Gilles Kepel is a French writer who has produced a most disturbing book, not because of what he says, but of all that he does not make clear. The title, while provocative, is never explained-what is the revenge of God, and if there is a revenge why and against whom? Nor does he ever quite define his term, "resurgence"-which generally means "rising" or a new birth. Kepel does not begin with the basics: there are a billion Christians in the world and their numbers are not growing. There are some 15 million Jews in the world and their numbers are not growing. There are a billion Muslims in the world and their numbers are growing, Islam being the fastest-growing religion in the world. It is not clear why Kepel wanted to write a book dealing with the similarities among the militants of the three faiths. Kepel does say he spent 12 years doing research for a previous book, Muslim Extremism in Egypt: The Prophet and Pharaoh (California, 1986). In that earlier book, he documents the rise of Arab Islamist movements, starting with the 1928 founding of the Muslim Brotherhood in Cairo.
Perhaps to make further use of his extensive original research, Kepel decided to write a new book dealing not only with Islam but also with Judaism and Christianity-and to focus on radical or militant movements within each. This seemed reasonable, since he became convinced that the movements "showed striking similarities." He thus set out to delineate "some of the leading traits" of the three movements. This goal, Kepel admits, appeared "at first sight to defy analysis." Still, he writes, he felt determined "to make a systematic comparison" of militants within the three faiths. He does not, however, accomplish this goal, as he gives little data or statistics, seemingly relying on his own observations. He arrives rather simplistically at one obvious conclusion: they all seemed "to fit into the context of a worldwide discrediting of modernism." The movements, he adds, "all oppose or dissent from the dominant attitude of 'official religion' which they readily criticize." What they demand, he goes on, is "a link with religion as the foundation of the social system." After stating there are such similarities, Kepel adds that "there are some differences among these contemporary religious movements." His flat declarative sentences add little to a deeper understanding of any of the religions or why all three have groups who worship a god of peace and at the same time have other groups that worship a god of war. He draws no conclusions on how the militants within each faith or in all three now and will in the future affect our everyday lives.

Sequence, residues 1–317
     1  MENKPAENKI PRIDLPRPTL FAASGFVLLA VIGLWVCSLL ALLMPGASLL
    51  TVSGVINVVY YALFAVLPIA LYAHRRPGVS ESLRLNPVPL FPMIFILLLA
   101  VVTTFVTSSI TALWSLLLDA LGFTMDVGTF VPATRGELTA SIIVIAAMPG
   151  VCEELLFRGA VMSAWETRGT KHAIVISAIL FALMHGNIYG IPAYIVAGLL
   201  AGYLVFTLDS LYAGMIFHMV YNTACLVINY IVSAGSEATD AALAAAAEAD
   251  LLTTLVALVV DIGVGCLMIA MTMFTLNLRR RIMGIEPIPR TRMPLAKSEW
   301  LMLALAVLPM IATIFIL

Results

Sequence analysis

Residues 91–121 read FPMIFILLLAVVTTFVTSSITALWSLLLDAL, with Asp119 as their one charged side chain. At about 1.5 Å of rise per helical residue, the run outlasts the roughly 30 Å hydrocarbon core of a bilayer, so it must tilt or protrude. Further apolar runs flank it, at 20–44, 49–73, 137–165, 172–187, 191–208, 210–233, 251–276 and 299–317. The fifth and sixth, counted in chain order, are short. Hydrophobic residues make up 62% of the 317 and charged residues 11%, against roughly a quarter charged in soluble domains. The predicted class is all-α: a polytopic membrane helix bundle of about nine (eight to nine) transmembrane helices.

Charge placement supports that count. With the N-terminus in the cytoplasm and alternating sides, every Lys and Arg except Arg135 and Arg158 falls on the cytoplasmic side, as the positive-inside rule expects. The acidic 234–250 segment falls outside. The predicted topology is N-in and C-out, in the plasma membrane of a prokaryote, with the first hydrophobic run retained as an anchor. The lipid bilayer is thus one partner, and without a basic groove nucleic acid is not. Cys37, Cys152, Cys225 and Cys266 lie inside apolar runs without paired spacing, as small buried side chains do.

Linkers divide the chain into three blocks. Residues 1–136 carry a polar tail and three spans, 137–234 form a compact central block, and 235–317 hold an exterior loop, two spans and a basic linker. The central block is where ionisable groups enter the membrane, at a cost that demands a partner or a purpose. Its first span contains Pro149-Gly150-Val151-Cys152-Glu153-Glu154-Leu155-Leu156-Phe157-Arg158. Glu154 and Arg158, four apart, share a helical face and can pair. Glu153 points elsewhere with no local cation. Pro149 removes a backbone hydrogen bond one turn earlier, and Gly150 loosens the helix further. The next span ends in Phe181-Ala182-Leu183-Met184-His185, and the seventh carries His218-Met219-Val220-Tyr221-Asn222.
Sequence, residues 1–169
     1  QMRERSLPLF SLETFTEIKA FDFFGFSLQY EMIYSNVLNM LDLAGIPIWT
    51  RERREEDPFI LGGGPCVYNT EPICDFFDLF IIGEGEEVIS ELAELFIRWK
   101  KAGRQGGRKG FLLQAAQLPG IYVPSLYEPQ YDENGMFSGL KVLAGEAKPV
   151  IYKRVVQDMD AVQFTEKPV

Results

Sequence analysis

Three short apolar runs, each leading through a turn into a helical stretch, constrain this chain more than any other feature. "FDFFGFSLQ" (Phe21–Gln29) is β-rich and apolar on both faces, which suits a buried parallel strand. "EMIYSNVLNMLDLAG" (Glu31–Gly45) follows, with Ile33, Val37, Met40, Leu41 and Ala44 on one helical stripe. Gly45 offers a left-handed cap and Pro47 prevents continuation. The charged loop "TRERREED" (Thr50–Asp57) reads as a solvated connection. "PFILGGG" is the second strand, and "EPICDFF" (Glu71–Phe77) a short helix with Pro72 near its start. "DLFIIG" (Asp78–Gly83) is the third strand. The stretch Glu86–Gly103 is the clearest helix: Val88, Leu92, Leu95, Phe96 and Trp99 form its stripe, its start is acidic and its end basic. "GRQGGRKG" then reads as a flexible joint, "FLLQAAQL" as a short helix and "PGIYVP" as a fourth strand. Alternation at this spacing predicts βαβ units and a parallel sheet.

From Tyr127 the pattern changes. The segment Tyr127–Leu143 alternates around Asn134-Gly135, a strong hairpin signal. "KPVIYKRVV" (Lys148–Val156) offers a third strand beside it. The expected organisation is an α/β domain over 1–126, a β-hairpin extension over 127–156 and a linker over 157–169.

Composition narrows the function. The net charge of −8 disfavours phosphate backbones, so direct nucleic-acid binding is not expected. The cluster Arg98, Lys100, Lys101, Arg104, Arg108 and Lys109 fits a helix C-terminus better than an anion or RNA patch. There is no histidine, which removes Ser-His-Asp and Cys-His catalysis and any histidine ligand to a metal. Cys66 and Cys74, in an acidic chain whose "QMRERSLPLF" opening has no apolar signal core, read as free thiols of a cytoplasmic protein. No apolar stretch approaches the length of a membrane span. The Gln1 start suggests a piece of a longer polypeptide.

The author's years of research into Muslim extremism pays off with his opening section, entitled "The Sword and the Koran." His material is helpful to any reader who knows little about the formation of the Muslim Brotherhood and how in the early years they were among the most fervent supporters of Nasser, who later turned against the movement and sought to annihilate all the followers. Kepel gives a short history of Sayyid Qutb, an early Islamist ideologist who, while imprisoned, wrote a widely-read manifesto, "Signposts." Qutb and other Islamist leaders were executed by the Nasser regime.